Zaki Cooper, Co-Chair of BIJA, said: “This was another successful BIJA webinar with a popular speaker, who both entertained us and made us think. It was also important to highlight our winter social action campaign. At BIJA, we believe passionately in not only holding interesting events but also doing things together to strengthen the fabric of society. Feeding the hungry is intrinsic to our religious communities, and something that we all need to take responsibility for.”
The final “Bagels and Samosas” webinar of 2020 takes place on 17th December with founder of Ebookers, Dinesh Dhamija.
With Lord Daniel Finkelstein – 22 October 2020
The British Indian Jewish Association held its latest Bagels and Samosas webinar on Thursday 22nd October with guest speaker Lord (Daniel) Finkelstein. He was interviewed by Reena Ranger about his life and career, and his new book “Everything in Moderation.”
Lord Finkelstein, a commentator at The Times and Jewish Chronicle, spoke about his range of experiences in politics and the media. He spoke about his early career advising Conservative leaders John Major and William Hague. He then made the transition to journalism, and has been a star commentator at The Times for many years. When his friend David Cameron became Prime Minister, he started clandestine monthly meetings with him in Downing Street to interview him about what was happening, with a view to producing a more accurate version of his memoirs. He became a Peer in 2013 and spoke about one of the issues he is most passionate about, which is legislating for assisted dying.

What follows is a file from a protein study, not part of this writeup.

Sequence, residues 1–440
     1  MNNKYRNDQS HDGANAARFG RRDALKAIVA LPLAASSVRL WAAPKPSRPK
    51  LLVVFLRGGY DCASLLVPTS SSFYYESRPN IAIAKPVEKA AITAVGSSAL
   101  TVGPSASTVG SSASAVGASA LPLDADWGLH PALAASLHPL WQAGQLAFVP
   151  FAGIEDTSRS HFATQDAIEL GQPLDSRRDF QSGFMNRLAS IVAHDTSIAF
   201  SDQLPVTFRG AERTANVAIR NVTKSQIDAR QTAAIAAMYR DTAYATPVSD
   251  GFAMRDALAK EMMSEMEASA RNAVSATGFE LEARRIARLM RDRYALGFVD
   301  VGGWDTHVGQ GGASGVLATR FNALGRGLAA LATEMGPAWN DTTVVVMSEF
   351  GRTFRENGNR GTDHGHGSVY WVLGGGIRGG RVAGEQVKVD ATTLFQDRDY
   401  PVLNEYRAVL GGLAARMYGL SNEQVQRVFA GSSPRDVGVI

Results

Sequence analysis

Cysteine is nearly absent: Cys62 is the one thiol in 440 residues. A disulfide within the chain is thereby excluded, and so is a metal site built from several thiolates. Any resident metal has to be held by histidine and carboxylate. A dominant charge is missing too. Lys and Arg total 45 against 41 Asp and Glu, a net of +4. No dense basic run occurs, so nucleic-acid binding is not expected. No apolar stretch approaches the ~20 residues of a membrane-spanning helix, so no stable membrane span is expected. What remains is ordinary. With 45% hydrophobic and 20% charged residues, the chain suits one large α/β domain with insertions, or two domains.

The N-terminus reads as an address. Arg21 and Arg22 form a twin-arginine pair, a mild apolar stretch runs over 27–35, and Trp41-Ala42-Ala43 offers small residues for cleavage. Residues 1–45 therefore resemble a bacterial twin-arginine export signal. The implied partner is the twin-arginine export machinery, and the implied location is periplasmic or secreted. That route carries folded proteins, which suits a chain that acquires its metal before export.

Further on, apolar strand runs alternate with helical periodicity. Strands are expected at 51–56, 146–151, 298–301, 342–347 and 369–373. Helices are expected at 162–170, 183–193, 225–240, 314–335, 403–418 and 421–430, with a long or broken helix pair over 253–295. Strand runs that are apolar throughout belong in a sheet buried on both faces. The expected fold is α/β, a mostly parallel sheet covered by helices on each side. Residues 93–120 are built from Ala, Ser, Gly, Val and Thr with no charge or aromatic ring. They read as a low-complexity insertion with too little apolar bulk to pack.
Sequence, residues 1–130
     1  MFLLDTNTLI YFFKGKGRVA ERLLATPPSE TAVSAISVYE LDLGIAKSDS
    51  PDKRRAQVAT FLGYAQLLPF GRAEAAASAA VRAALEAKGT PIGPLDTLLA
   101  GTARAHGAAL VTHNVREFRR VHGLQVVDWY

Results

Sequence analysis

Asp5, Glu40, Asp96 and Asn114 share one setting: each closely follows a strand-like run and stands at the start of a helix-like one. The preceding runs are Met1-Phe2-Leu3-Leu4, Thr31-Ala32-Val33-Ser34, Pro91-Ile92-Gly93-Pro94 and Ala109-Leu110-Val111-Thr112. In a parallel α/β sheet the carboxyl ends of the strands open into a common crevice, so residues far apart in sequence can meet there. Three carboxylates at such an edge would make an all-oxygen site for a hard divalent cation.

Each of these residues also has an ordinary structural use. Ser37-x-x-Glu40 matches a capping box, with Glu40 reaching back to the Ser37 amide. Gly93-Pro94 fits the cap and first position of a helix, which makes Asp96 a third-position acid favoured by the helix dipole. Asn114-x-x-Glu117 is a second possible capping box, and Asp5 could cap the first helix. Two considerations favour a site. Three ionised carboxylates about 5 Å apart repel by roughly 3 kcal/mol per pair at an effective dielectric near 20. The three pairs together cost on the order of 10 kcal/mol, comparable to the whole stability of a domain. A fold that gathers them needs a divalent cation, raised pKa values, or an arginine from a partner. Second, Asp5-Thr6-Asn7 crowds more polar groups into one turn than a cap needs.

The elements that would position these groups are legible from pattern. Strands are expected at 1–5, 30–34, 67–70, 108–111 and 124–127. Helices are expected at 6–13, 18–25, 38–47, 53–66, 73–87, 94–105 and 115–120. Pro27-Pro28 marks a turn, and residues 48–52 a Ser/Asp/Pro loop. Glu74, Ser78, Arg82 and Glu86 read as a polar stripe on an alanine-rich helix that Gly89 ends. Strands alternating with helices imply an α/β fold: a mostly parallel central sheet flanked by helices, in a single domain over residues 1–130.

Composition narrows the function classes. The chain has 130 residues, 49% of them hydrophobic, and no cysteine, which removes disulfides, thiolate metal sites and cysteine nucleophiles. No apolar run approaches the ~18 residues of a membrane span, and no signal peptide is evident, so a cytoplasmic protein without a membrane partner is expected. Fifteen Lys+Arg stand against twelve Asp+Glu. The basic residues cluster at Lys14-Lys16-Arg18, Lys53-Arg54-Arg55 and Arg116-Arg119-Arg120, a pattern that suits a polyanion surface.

The webinar was attended by over 70 people.
Lord Finkelstein spoke about when he first appreciated the friendship between the Indian and Jewish communities:
“Whilst I was a candidate in Harrow West [in 2001], Lord Ranger took me to a Sikh celebration and I was watching it happen. The most respected people in the community go up to the front and give each other certificates and make speeches about each other and then somebody came round with a load of canapes. Everyone was eating whilst this was going on, both simultaneously impressed by and laughing at the people making speeches about themselves. And I thought my goodness – this is a Bar Mitzvah with turbans!
He went on to explain why the Indian-Jewish relationship is so strong: